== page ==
Photo credit: Ora Laubscher

Translated from original article by Ora Laubscher, published in the Gazette

5 February 2019

“I lovingly attend to this garden and am so happy to see that the people passing by always have something nice to say and are really interested in it,” says gardener Saul Swart.

Protea Primary in Napier is on of the few schools in the region that can still boast a sustainable vegetable garden on the school grounds. According to Saul, the vegetable garden project was launched about a year ago with the support of The Drift, an estate outside Napier.

Comparing photos of the first day the fertilizer was delivered and the seeds were sown, you can’t believe that, from the bare ground, has emerged this thriving garden.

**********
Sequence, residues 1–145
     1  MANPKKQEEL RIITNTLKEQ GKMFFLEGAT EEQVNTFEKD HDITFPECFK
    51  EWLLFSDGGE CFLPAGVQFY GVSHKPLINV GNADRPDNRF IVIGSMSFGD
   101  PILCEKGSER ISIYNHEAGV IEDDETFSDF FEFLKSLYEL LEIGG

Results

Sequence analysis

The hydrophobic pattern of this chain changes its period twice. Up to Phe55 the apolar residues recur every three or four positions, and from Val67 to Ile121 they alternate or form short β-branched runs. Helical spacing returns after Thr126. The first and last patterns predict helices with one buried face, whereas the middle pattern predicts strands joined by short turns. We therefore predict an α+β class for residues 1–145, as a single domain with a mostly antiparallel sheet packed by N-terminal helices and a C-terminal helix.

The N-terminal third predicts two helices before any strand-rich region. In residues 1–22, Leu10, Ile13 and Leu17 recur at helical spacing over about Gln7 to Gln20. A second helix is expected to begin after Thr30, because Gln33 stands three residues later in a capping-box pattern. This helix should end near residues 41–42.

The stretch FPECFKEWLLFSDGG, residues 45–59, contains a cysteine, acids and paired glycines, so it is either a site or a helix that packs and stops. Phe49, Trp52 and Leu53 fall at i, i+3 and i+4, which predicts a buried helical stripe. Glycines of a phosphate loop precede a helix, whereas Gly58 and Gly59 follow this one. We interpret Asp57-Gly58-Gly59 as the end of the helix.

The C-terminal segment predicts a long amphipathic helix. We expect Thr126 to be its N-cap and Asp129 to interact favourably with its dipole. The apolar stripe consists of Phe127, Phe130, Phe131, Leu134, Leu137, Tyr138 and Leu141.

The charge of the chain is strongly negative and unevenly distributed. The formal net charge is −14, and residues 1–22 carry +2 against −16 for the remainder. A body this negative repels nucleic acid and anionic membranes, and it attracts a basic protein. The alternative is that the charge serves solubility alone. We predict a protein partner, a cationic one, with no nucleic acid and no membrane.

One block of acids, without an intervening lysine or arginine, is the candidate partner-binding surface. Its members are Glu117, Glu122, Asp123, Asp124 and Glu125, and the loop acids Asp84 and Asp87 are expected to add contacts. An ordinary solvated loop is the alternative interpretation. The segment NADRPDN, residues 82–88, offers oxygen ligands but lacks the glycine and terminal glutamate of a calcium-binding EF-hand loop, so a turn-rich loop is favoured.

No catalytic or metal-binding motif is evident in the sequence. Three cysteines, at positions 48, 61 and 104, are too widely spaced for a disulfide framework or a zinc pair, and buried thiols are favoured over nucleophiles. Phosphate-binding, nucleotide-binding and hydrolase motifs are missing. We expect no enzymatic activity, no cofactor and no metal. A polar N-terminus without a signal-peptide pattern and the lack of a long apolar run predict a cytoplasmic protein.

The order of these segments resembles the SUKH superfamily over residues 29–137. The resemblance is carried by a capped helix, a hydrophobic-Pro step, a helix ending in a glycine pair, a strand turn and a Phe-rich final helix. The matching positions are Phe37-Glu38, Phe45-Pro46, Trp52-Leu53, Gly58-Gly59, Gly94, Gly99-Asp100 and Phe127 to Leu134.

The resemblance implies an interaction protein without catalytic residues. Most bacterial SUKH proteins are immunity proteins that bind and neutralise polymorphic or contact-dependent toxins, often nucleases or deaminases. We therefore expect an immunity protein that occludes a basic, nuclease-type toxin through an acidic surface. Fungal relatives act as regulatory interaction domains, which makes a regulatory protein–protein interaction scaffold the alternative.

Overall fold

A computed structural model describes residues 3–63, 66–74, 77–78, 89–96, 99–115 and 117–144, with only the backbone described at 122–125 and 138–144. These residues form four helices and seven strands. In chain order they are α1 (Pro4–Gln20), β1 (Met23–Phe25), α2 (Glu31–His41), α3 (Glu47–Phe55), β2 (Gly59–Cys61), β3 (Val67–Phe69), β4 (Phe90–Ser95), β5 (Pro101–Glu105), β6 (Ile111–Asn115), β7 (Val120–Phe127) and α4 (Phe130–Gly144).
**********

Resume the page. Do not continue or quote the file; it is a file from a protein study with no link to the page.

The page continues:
The person driving this project, from it’s inception, with his persistent hard work, infectious enthusiasm and green fingers is Napier villager, Saul.

According to him, compliments flow from regular passers-by and some can’t help stopping in for a while to walk among the rows of maize, beets, cabbage, pumpkin, cauliflower, cabbage, beans, tomatoes and sunflowers.

When asked why they had planted sunflowers, Saul explained that they were there to distract and lure potential troublesome insects away from the vegetables that they would otherwise eat, especially tomatoes.

According to experts, it is a common method to keep unwanted insects away from your vegetables.

The purpose of the vegetable garden is to grow vegetables for the school’s feeding scheme.

According to Saul, they are also giving some of the vegetables to members of the community who are struggling “so that they can also have something healthy on the table.”